Unfortunately, I’m not surprised Conan is losing in the ratings slightly. Leno was very middle-of-the-road, but he was definitely “reliable.” Though I rarely watched him and was a frequent Conan viewer. I definitely prefer Conan’s brand of humor.

I’m curious how he’ll use Andy Richter in the future. I think Richter is hilarious and he’s a top-notch writer (I mourn Andy Richter Control’s the Universe), but he’s never found /quite/ the right niche for himself. I hope he finds his groove on the Tonight Show.

I think every post from now on should end in “the reboot.”

I’ll always remember Conan more for writing Simpsons episodes than for being a late-night talk show host. Season 4’s Marge vs. the Monorail still feels overtly surreal for a Simpsons episode, even by today’s standards as we finish season 20.

He was uncanny and hilarious when he recorded the DVD commentaries for the episodes he wrote. He kept doing impersonations throughout the recordings. And he seemed to draw other writers and producers and their attention. Worth listening to any day.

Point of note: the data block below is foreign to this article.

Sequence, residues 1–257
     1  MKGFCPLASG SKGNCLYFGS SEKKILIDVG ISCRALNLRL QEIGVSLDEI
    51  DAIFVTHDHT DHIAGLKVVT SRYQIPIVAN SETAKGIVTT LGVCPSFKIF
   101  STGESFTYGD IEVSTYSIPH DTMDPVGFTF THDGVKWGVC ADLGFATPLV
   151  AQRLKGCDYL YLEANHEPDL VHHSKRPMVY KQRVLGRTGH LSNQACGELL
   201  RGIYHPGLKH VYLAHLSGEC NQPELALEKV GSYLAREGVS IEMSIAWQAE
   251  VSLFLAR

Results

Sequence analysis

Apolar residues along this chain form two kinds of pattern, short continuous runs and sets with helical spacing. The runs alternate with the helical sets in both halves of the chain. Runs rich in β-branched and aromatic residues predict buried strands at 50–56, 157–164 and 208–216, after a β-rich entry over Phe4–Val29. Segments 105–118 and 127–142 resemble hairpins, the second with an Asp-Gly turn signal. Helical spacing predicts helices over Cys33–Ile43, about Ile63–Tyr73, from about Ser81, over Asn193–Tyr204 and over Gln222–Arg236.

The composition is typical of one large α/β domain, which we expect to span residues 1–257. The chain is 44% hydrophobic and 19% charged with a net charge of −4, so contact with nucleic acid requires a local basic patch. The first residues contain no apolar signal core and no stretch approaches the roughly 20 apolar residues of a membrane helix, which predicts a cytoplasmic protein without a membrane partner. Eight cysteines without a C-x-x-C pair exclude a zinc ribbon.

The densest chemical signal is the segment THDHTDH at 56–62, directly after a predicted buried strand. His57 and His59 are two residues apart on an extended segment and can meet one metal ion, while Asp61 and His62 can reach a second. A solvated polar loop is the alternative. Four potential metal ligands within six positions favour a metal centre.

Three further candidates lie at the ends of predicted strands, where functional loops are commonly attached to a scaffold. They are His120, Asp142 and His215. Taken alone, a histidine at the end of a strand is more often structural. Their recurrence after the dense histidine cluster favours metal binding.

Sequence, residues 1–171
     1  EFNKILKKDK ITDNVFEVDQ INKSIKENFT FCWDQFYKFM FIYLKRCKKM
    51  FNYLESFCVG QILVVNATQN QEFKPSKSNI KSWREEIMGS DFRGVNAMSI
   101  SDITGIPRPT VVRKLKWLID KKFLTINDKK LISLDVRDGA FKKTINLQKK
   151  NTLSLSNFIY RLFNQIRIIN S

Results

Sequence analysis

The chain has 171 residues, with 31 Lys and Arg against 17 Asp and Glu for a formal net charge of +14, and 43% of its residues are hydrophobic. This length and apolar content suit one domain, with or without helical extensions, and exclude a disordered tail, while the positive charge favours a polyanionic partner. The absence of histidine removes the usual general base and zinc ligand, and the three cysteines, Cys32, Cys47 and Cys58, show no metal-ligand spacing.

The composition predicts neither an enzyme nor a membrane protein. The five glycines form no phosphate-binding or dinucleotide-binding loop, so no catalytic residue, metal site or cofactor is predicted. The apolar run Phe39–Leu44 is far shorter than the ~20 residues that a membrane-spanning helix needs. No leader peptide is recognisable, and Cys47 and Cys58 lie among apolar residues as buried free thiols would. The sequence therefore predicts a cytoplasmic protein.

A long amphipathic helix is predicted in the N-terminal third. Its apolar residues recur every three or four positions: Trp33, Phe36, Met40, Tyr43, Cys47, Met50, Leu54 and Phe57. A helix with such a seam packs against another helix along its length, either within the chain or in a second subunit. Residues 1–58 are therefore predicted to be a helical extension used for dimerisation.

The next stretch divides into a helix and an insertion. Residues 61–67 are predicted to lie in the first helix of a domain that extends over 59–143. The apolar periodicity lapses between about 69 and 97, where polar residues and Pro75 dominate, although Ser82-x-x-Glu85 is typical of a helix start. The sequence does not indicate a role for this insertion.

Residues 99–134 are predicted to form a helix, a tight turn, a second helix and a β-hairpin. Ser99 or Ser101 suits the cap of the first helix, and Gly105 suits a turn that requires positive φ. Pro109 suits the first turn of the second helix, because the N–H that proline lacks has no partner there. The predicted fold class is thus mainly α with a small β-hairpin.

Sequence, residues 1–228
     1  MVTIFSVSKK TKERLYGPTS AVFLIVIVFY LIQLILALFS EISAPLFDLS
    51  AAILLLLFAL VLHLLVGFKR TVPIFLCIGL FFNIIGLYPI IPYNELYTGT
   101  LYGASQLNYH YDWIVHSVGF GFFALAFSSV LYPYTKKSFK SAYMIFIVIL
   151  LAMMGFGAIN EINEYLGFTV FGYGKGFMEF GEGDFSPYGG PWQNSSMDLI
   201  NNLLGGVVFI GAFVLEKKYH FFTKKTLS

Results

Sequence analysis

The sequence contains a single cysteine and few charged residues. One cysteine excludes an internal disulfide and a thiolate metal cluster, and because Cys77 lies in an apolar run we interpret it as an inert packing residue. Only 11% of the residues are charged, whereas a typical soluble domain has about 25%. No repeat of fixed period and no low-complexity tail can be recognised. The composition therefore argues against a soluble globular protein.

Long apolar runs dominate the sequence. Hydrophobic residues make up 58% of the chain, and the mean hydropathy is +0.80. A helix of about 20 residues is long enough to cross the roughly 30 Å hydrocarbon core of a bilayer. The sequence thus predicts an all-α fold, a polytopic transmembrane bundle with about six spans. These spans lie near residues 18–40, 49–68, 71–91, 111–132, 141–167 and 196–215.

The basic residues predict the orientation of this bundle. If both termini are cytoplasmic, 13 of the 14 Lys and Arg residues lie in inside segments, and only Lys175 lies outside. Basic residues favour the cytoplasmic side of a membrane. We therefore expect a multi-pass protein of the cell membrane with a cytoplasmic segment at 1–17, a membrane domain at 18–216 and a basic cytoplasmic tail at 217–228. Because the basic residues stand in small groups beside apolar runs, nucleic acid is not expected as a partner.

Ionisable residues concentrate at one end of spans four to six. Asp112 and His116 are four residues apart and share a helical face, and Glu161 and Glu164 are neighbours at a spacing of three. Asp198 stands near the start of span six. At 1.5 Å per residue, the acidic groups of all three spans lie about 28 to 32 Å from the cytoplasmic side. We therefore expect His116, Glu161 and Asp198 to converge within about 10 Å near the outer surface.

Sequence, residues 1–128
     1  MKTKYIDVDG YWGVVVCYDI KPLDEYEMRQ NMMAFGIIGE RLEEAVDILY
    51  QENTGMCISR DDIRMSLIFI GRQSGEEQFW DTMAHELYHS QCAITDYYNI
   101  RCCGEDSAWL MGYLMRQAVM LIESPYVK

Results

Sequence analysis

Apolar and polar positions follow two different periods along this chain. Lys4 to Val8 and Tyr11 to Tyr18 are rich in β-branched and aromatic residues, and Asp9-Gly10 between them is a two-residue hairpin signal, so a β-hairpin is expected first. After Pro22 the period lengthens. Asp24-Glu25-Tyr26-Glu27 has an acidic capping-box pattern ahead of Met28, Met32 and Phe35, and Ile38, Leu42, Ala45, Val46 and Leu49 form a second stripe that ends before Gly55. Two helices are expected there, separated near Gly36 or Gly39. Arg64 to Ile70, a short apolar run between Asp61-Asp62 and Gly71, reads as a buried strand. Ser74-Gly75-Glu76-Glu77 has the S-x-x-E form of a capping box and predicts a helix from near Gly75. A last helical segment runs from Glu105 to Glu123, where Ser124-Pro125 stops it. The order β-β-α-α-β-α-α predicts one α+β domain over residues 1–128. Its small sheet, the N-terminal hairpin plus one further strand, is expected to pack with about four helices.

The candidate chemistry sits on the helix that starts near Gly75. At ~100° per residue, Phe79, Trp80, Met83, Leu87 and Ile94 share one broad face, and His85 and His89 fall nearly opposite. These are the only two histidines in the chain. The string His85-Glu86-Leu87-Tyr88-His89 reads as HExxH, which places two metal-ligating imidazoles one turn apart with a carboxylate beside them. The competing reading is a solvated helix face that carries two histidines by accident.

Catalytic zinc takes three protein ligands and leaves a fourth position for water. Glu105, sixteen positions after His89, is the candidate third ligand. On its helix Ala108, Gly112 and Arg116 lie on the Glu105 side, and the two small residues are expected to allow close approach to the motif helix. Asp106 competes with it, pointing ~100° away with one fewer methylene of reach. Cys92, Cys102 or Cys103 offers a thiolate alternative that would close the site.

His continuous rant regarding his hatred of old people never got old. Only Conan could make a hyperbaric chamber comment that funny.

My fear that when Conan moved to The Tonight Show is that his kind of comedy would change because by all appearences Jay Leno is just as funny anywhere else but on The Tonight Show so I was afraid Conan might conform to NBC’s will. However, I was very pleased to note he hasn’t changed much and thats a great relief though the next few weeks will be telling. I just hope no matter the rateings Conan keeps doing what he’s doing, he just cracks me up.

I love Conan. He’s one of the most naturally funny people on television. Some of the best moments on the show are when sketches would go wrong and Conan would just comment on that instead of continuing the bit. If you never saw the Finland episode look it up on Hulu. It’s a great example of a talented guy reacting to the situation with hilarious result. Oh look for old time baseball too.